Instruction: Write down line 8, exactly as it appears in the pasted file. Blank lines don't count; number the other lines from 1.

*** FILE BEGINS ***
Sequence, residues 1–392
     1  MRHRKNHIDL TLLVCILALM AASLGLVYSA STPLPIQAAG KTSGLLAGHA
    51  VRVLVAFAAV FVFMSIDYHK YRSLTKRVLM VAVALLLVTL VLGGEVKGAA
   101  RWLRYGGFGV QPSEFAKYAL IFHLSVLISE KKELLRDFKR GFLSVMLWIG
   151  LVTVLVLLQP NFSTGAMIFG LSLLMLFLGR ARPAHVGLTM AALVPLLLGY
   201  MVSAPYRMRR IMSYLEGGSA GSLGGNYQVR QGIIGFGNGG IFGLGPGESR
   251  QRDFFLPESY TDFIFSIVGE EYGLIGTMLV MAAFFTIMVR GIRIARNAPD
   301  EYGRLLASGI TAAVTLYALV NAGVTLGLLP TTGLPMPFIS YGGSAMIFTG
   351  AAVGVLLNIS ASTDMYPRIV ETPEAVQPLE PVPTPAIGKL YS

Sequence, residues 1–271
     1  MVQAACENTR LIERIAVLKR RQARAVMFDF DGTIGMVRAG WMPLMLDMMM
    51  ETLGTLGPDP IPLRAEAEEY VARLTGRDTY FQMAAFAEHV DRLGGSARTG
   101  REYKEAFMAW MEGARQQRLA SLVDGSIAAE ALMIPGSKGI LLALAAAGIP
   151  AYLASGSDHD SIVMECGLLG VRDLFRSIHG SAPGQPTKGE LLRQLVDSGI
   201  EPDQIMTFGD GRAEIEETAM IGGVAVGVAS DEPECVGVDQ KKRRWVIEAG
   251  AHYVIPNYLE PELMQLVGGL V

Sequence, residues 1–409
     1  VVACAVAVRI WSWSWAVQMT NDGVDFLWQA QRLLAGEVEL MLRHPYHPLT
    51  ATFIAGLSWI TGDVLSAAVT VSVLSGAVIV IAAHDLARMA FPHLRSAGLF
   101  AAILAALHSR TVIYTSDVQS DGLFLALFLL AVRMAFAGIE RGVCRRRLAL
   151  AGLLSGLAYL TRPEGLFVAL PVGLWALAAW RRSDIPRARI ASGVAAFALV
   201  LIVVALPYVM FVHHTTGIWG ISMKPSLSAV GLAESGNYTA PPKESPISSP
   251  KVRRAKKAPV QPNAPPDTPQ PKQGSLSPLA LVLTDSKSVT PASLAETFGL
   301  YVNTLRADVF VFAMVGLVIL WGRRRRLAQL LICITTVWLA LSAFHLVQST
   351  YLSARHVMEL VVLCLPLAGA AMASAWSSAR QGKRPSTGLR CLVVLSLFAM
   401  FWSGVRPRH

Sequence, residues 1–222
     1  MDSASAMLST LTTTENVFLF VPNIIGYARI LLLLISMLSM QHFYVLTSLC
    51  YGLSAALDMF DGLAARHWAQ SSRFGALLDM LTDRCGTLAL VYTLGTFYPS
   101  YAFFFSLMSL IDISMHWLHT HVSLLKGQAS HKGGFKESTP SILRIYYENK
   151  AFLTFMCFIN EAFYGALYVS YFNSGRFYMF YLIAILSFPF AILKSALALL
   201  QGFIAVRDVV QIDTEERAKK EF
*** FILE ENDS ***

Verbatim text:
   301  EYGRLLASGI TAAVTLYALV NAGVTLGLLP TTGLPMPFIS YGGSAMIFTG